Why CIOs are shifting towards private market investing

Three chief investment officers give their views on how decreasing IPOs and a shift towards private markets is changing their investment strategies

Insurance Investor Editorposted on Wednesday, August 28, 2019

Three CIOs explain their strategies when it comes to investing in private markets

This excerpt is taken from the roundtable: "The dichotomy of liquid versus illiquid assets: How a return to volatility, the threat of rising rates, a declining IPO market, and overvaluation are impacting investment decisions."

You can read the full roundtable in the research report Insurance Asset Management, North America 2018, which can be downloaded here.

Panellists:

  • Rip Reeves, Chief Investment Officer, AEGIS Insurance
  • Aaron Diefenthaler, Chief Investment Officer, RLI Corporation
  • Jack Nelson, Chief Investment Officer, Everest Reinsurance

Insurance investor: We have seen a decrease in public market offerings. How has this decrease in the U.S. affected your investment strategy?

Aaron Diefenthaler: I would say that we are definitely looking at avenues beyond public markets. Going back 20 years, the public equity opportunity set has been approximately cut in half and we are seeing private companies stay private longer.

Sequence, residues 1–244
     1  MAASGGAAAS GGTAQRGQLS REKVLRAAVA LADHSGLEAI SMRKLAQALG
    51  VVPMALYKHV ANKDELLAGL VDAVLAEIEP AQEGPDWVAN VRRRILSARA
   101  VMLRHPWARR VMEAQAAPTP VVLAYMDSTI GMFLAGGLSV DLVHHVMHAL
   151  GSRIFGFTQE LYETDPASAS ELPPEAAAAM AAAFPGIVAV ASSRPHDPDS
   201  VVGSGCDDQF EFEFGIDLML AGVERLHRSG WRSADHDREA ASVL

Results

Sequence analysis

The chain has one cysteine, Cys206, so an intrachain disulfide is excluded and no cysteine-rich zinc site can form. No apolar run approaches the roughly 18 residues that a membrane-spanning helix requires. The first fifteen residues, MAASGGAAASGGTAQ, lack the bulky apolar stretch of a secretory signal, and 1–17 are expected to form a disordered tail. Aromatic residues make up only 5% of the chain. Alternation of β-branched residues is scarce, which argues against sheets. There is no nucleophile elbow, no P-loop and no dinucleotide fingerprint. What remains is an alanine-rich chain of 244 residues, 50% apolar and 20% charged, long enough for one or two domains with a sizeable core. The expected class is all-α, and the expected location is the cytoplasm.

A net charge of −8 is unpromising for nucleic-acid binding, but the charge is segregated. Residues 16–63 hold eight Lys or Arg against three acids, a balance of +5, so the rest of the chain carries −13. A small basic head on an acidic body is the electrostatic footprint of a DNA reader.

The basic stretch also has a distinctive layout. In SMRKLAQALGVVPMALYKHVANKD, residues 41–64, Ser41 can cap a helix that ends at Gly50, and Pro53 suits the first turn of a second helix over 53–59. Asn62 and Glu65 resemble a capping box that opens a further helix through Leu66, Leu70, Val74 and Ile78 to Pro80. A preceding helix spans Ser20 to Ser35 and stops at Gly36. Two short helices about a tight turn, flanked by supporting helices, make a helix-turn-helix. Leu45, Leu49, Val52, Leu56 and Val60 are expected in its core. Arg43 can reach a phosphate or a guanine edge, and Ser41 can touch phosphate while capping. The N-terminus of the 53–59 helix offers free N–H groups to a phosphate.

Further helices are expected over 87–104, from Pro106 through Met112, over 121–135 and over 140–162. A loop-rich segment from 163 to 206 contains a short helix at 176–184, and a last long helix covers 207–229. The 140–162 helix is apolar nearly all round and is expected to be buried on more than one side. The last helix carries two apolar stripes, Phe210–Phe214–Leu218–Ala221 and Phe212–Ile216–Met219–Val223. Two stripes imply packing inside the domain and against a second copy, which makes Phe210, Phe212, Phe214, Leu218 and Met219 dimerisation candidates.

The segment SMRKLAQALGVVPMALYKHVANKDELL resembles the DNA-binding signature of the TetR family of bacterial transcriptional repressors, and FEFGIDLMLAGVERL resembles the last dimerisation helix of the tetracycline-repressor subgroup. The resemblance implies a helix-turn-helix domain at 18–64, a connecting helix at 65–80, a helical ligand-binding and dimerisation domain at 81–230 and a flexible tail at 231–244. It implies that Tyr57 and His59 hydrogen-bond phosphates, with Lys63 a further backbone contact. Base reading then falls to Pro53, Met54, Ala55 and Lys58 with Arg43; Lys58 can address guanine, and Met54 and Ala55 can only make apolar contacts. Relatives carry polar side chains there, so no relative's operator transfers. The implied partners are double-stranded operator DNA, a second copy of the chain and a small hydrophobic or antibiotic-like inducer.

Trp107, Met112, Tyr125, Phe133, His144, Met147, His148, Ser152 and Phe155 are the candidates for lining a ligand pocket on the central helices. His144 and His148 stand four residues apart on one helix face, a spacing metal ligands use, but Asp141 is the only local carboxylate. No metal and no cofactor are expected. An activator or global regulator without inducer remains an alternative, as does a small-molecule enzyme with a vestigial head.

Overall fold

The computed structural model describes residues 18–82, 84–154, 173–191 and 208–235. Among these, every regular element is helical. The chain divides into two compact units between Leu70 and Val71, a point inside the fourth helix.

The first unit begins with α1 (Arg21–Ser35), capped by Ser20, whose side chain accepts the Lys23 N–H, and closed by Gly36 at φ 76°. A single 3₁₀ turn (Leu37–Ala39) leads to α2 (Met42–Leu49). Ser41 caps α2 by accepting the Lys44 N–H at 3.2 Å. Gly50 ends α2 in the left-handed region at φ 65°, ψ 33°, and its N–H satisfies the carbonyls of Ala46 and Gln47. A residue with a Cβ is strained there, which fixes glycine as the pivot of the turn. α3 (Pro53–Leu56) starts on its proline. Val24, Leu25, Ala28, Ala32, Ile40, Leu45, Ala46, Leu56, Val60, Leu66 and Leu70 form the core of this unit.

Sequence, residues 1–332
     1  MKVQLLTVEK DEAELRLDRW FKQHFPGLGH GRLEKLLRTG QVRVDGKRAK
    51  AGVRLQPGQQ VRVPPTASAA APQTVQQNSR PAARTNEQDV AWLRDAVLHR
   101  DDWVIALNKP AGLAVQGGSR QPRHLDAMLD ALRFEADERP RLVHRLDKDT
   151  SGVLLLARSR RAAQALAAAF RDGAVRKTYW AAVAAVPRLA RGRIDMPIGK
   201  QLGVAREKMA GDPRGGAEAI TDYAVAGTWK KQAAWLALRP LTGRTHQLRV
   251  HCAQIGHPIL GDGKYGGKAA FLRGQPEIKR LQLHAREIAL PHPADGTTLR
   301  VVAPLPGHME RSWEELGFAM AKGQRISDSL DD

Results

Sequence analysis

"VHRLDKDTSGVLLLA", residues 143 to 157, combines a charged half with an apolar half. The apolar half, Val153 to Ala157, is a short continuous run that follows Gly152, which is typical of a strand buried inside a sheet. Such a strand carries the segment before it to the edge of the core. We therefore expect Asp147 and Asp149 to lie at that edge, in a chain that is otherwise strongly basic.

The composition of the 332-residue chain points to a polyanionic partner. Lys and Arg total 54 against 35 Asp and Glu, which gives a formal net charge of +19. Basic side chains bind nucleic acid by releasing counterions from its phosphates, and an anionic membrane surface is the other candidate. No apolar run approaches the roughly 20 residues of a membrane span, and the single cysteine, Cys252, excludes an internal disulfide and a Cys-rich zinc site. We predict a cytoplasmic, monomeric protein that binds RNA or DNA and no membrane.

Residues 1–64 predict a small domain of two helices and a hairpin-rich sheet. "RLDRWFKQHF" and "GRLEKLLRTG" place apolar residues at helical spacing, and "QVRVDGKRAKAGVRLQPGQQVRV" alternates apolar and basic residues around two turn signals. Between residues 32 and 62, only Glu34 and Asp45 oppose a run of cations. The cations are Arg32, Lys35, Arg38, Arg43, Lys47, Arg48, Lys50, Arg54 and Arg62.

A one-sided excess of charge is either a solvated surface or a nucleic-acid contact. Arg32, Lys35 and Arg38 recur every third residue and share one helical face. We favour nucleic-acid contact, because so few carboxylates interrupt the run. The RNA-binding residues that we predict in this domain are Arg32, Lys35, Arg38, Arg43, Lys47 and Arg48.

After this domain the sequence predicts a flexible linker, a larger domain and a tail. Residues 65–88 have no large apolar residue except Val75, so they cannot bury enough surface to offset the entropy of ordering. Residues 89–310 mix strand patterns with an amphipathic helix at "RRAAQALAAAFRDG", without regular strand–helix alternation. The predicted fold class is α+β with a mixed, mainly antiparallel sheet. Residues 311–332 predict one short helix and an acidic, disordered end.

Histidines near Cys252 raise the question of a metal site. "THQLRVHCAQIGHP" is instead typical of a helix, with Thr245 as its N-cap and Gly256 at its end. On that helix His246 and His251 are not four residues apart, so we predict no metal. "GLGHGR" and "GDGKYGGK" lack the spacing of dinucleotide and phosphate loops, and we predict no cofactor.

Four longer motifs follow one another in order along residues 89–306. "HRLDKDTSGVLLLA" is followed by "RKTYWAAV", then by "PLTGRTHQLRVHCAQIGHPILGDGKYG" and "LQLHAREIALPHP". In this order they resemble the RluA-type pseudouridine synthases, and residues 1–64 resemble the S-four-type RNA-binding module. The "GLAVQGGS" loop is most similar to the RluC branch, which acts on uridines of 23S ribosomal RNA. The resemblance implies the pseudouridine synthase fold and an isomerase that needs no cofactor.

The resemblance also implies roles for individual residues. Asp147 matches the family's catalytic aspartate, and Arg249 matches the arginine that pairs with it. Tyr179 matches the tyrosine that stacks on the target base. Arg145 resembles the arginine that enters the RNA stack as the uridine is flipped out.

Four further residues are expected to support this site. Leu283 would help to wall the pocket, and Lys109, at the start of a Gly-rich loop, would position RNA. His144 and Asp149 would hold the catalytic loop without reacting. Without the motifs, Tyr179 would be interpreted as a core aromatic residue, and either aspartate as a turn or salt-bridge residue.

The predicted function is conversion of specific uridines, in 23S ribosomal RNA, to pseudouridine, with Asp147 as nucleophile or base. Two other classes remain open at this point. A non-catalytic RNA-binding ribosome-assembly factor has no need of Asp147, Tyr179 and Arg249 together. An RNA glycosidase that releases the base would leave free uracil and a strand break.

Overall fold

The IPO market is not the end-all-be-all for these types of companies; there are plenty of sources of fresh capital. As a result, long-only investors have to engage private markets to keep the opportunities comprehensive enough.

"We are definitely looking at avenues beyond public markets"

Even within the public universe, we have broadened our benchmark profile to be more all-market encompassing, rather than simply S&P 500 focused. You are getting some concentration risk in those major market cap-weighted indices. You definitely have to broaden the opportunity set, whether it be private market, global, etc. to maintain an appropriate level of granularity.

Rip Reeves: There is not a significant direct impact to our investment strategy from the decrease in the public market access for a few reasons. First, we started funding non-public, illiquid strategies several years ago, from our public market allocations.

Second, on high grade/fixed income public allocations, we generally take a passive investment approach, so turnover is limited in those portfolios -- by design.

"We started funding non-public, illiquid strategies several years ago"

Given the buy and hold nature of our high grade/public allocations, reduced supply of new issues doesn’t affect us as dramatically as if we were active investors in this sector. Yes, it does affect us, but not as significantly for these reasons primarily.

Jack Nelson: The decrease in public market offerings has helped support valuations in sectors that have experienced the reduced supply and demand. As a result, the reduced supply of new securities makes holding existing investments easier.